And so it’s really interesting how these cases get litigated, because so much of the fight often centers on what the motives were and what the sort of the intentions behind the districts drawing were, and less so behind the effects of how the districts were drawn, and then you get these really sort of convoluted legal discussions about, well, how do you prove that, which of the standards and so on, and that’s a lot of what you have in the cases that are before the court this term.
Elie Mystal: Where is the court on this, do you think, because as you point out, like there are — we are kind of evolving our standards on what — how this should be done and how this should be acceptable, if at all, and I don’t feel like there is a clear understanding from either side of the kind of ideological divide about kind of how they actually want things to go.
It feels so often that if the gerrymandering worked out for the kind of liberal idea, then the liberals are going to go for it, and if the gerrymandering kind of worked out for the Republican candidates, the Republicans are going to go for it, and I don’t see a lot of ideological kind of consistency from either side on this. Am I missing something? Do you think there’s more of a plan here from the justices or are they just really doing it kind of based on case by case?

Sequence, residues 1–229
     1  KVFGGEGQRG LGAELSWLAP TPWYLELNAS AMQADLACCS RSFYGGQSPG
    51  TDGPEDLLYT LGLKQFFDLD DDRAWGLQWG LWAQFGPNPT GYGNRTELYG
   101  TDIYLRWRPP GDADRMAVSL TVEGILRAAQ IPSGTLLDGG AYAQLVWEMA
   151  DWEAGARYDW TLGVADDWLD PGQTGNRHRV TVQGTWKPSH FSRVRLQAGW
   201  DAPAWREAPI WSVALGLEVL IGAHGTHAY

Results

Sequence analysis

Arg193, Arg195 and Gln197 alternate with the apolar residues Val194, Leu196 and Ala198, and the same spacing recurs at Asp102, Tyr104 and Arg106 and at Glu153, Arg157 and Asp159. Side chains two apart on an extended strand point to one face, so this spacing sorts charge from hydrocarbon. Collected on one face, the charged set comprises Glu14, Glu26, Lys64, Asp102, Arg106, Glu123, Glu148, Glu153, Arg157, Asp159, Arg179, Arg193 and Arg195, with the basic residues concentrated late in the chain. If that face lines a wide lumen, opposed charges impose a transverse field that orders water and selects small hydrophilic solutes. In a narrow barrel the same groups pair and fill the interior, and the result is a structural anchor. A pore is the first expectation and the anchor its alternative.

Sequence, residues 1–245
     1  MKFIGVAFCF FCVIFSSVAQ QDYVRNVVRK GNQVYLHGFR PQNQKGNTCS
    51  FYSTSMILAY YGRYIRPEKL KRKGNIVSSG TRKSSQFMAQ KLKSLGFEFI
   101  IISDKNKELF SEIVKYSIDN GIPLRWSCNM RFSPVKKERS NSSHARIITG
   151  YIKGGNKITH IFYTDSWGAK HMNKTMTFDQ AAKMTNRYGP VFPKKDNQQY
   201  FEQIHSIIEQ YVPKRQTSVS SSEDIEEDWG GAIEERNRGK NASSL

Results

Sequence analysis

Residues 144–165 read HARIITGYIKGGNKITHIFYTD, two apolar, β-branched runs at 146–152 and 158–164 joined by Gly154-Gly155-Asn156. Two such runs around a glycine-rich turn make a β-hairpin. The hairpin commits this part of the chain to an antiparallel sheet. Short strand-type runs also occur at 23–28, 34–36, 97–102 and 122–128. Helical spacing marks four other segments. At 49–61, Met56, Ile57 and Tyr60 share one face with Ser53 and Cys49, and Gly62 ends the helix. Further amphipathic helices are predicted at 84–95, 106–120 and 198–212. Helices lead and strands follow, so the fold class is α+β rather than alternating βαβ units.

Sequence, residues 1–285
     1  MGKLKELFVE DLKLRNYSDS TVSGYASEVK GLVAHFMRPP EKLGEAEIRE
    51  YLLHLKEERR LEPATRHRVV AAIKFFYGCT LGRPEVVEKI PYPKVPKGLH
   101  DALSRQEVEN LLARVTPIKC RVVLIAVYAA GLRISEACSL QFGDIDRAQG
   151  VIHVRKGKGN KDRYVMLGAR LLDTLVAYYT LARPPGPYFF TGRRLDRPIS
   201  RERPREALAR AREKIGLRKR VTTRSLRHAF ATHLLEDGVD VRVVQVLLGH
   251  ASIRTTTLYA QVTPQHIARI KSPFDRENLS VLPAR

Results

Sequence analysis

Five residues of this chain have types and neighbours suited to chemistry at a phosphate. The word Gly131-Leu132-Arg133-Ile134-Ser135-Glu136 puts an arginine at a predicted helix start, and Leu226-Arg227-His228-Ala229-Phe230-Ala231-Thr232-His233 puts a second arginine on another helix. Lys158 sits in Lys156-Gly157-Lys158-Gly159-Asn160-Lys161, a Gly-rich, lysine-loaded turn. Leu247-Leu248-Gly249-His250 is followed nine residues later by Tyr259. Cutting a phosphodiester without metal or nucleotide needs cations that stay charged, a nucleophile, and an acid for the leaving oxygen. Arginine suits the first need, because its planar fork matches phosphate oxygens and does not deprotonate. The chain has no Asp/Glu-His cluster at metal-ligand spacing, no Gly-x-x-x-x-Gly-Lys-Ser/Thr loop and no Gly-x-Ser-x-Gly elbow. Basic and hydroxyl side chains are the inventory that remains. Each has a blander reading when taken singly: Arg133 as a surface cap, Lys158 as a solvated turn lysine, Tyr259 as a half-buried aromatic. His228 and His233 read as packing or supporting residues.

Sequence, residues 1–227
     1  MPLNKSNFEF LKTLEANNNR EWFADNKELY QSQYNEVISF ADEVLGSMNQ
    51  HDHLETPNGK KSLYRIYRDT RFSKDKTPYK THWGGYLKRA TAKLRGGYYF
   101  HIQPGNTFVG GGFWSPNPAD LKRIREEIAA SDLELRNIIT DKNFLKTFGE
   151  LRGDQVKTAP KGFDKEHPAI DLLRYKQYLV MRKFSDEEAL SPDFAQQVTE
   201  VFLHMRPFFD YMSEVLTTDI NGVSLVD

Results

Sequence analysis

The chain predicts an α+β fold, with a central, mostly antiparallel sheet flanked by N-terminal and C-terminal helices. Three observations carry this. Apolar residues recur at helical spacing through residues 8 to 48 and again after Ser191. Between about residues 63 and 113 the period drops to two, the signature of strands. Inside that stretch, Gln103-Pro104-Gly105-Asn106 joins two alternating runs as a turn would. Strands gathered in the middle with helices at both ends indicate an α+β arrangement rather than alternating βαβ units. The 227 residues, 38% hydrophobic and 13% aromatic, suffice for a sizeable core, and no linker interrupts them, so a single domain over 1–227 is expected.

Tejinder Singh: I think a lot of it is kind of case by case. I think what you see is that the justices who are on the more conservative side of the court I think are often unfairly kind of demeaned as racists, but those justices I think just have sort of a narrower conception of what constitutes racism than I think sort of like a lot of kind of modern liberals and many social scientists. They have the idea that if something is racist that’s because it was like meant to be racist.
But when they see that I think you see them react very strongly. I think the idea of intentional racial discrimination still strikes a very powerful chord with all the justices on the court, including the ones who are often I think criticized for being a little blinkered about this. And so that’s why I think the law has developed the way it has.
So a lot of these cases I think do tend to turn on their particular facts, like how strong — just how strong was the evidence of some improper racial motive. And I think you are actually seeing a lot of that reflected around the court’s docket generally. So you have got these voting rights cases, Pena-Rodriguez that we talked about; there is a death penalty case called Buck, which is up, and that a massive huge racial component to it. And I think that all of those really kind of strike nerves with all the justices.
Joe Patrice: Yeah, Buck was the one that first struck me when I started reading it to prep up for the term. I was just like, wait, wait, his own expert said what?
Tejinder Singh: Yeah, I mean it’s an utterly bizarre fact pattern.